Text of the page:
The New Jersey Division of Motor Vehicles released an updated report card on state school buses.  The numbers are not encouraging, but DMV says there is no reason to panic.

The Press of Atlantic City reports that 47% of buses failed inspection and had to be taken off the road, while an additional 12% failed for minor items that do not affect safety and need only be repaired within 30 days.

N.J. DMV spokesperson Elyse Coffey explains that "buses often fail for very small things", and that 91% of the buses that fail inspection are repaired, re-inspected and passed within 24 hours.  There are 180 items on the state checklist that can result in a school bus failing inspection - ranging from worn brakes, a broken seat belt or having just one of the 35 lights malfunction..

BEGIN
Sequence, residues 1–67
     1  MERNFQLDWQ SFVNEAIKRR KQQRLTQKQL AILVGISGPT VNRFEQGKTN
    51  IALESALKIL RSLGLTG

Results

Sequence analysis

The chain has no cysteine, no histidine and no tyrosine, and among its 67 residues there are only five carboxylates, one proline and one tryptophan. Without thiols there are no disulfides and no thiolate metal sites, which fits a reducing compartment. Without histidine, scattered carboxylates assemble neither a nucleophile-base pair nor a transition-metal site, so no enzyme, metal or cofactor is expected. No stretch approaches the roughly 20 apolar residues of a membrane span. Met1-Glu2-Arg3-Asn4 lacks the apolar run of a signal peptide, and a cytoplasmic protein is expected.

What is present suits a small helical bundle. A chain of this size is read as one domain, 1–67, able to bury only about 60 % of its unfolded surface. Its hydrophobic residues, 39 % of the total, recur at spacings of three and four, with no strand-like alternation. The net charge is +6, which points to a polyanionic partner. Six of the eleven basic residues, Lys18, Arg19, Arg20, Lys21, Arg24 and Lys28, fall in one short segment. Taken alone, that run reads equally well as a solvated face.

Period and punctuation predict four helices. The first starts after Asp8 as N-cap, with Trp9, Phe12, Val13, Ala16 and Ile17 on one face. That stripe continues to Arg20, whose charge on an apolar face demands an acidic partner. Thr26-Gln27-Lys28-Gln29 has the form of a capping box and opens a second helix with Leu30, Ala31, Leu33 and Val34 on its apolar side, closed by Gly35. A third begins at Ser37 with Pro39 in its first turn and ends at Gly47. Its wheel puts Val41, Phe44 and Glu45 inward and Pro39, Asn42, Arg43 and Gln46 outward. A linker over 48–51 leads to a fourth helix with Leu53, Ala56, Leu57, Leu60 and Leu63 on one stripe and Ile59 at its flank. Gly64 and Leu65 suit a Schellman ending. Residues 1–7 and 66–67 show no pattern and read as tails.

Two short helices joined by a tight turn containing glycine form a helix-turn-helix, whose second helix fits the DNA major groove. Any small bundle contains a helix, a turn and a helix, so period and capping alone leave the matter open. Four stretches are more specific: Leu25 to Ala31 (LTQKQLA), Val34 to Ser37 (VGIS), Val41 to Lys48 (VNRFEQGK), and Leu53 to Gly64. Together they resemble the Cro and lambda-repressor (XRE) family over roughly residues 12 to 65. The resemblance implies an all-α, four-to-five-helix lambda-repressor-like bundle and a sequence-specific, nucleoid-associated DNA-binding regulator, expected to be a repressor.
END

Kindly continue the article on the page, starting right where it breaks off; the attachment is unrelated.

South Jersey school officials say they are aware of the report, and would be concerned if failed inspections left students stranded.

If there is any good news to take out of this, Egg Harbor Township (one of the largest school bus fleets in South Jersey with 145 buses) has taken extra steps to stay on top of even minor problems, and as a result reduced its failure rate from 73 percent in 2010 to 35 percent in the most recent report, making them one of the most efficient fleets in the state.